WILMINGTON, Mass.—Efforts to introduce an Armenian Genocide curriculum throughout high schools north of Boston is gaining impetus.
The latest schools to take part are Wilmington and Tewksbury whereby students have immersed themselves into the education process and, in return, acquired the knowledge and understanding of countries like Armenia that endured massacre and hardship throughout their history.
At Wilmington, juniors and seniors under the tutelage of Maura Tucker and Lisa Lucia are utilizing the text “Facing History and Ourselves.” The semester was launched by a guest appearance from 101-year-old survivor Ojen Mazmanian, who rendered a personal account of her escape from Ottoman Turkish hordes.
Tewksbury is just as motivated by the Armenian story. Included in its curriculum will be an entire school day (six hours) dedicated to genocide education.
Planting the seed are members of the Armenian Genocide Curriculum Committee of Merrimack Valley, headed by Dro Kanayan, who laid out the groundwork at the schools.
Thirteen other high schools in the area have been contacted by letter. Programs have already been initiated in North Andover and Haverhill with return engagements planned.
“Students who participate in this interdisciplinary course will achieve academic, personal, and social growth,” said Lucia. “Using the Holocaust and Armenian Genocide as case studies, students will examine the origins of these atrocities, the role ordinary students played, and what we can do today to prevent these crimes from happening again.”
According to Tucker, “Students will have the opportunity to reflect not only upon the universality of racism and social injustice but also upon the importance of global awareness.
“They will use inquiry, analysis, and interpretation in order to confront moral questions imbedded in history and literature,” she pointed out.
Appearing before the students were committee members Tom Vartabedian and Albert S. Movsesian, who covered everything from the genocide to history, geography, literature, the Armenian community in America, and contributions to world civilization.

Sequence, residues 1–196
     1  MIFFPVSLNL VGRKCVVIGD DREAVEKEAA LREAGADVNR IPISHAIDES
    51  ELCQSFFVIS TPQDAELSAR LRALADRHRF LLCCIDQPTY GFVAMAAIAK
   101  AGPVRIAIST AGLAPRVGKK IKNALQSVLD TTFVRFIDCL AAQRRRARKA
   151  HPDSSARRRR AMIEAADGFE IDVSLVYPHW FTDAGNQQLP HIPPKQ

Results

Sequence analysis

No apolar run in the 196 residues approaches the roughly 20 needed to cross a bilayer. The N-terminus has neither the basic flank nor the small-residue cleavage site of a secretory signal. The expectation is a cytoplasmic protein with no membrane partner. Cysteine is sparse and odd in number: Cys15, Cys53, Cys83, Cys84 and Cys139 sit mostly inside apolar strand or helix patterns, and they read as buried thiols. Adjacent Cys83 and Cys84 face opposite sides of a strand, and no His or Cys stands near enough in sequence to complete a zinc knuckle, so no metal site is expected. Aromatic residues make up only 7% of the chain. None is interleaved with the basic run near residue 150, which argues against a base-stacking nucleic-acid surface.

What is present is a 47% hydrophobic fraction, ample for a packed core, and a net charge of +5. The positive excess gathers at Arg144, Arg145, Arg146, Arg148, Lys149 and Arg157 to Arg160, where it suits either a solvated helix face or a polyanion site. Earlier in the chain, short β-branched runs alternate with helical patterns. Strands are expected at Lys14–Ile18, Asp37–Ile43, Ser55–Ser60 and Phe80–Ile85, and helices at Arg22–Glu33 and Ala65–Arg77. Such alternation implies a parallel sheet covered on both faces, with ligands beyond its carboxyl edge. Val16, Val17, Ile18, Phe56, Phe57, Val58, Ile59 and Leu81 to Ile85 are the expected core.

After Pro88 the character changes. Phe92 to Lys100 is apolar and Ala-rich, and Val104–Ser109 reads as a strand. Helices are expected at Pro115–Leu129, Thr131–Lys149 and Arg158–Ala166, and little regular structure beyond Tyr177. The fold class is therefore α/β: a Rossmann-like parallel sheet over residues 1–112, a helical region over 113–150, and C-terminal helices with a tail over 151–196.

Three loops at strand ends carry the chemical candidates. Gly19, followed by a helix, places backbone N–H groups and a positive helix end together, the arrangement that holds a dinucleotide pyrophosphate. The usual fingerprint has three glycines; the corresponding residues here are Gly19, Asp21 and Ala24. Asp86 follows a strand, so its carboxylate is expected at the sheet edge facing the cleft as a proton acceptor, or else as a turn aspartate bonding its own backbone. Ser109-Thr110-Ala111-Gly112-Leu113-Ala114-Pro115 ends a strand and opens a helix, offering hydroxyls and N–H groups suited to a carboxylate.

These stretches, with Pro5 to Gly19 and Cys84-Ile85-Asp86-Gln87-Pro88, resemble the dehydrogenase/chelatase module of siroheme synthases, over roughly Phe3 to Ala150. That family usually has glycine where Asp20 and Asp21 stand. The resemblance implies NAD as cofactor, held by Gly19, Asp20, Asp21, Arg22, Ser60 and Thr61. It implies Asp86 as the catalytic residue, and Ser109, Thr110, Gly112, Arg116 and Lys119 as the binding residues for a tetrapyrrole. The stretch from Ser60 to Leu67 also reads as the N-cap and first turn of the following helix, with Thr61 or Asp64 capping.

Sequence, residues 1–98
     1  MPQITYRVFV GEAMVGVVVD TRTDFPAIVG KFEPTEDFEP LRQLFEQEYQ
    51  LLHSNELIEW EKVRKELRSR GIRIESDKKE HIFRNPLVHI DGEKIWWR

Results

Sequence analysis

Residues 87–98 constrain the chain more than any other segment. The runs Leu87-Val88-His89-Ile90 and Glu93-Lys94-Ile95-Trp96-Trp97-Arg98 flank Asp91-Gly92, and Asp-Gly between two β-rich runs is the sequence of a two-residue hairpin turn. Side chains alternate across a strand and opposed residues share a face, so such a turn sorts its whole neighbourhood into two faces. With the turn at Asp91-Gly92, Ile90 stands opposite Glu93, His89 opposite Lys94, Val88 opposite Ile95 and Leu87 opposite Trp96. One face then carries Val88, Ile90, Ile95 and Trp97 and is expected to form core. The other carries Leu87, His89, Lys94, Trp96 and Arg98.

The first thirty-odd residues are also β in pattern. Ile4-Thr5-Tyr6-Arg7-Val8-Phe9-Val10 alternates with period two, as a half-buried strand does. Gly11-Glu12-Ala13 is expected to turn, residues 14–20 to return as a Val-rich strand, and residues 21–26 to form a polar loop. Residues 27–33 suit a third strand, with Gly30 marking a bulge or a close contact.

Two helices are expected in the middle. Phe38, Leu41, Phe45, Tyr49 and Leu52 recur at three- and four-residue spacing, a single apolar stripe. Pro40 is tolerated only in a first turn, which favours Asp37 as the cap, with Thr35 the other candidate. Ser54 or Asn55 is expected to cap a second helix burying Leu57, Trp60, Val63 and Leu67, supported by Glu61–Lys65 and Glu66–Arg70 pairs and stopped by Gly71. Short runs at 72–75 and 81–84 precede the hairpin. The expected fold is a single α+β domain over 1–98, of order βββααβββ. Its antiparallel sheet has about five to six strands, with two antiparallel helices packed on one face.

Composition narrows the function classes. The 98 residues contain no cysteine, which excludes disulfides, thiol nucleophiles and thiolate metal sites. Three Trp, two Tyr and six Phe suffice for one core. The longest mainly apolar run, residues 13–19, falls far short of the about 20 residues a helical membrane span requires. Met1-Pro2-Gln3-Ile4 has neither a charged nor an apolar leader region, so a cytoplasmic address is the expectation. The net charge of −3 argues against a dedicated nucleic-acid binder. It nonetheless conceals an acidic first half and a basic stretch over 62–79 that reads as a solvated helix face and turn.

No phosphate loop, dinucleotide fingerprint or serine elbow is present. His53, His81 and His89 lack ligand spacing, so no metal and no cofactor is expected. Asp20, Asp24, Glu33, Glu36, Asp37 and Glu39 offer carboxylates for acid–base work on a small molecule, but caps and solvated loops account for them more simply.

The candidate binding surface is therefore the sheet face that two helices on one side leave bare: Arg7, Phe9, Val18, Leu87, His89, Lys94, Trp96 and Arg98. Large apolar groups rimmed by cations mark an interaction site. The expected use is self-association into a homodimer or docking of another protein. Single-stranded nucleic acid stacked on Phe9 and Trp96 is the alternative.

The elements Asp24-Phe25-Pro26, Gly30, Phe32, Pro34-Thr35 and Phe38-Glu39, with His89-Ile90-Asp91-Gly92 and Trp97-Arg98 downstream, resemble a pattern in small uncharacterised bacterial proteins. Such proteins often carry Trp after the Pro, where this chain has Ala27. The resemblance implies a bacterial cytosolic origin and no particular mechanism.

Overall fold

The students were also given a lesson on how to interview a survivor. One project, which will be activated, is an appeal to the U.S. Postal Service to commemorate a genocide stamp reflecting “man’s inhumanity toward man.”
“We will make an appeal to the postmaster general and even President Obama if necessary,” said Lucia. “The Armenians deserve to be recognized with a stamp and we shall empower our youth to step forward in this mission.”
Among the questions raised from the student body were how Armenian villagers were able to arm themselves, what instigated the genocide, and if any of those who fled their native soil ever return.
“As Armenians, do you put your heritage before your citizenship?” another asked.
Posters promoting the genocide program were found on the walls of the school while a small library of related textbooks were seen in the classroom.
The session ended with students from different ethnic backgrounds writing a message of goodwill on the blackboard in their native tongue.
“The response we’ve gotten from the outside community has been extremely positive,” said Kanayan, a grandson to famed Armenian freedom fighter General Dro. “We’ll continue to push forward until all the schools have been contacted.”
The newly formed curriculum committee has the support and endorsement of area churches and organizations, including Armenian legislators and noted educators.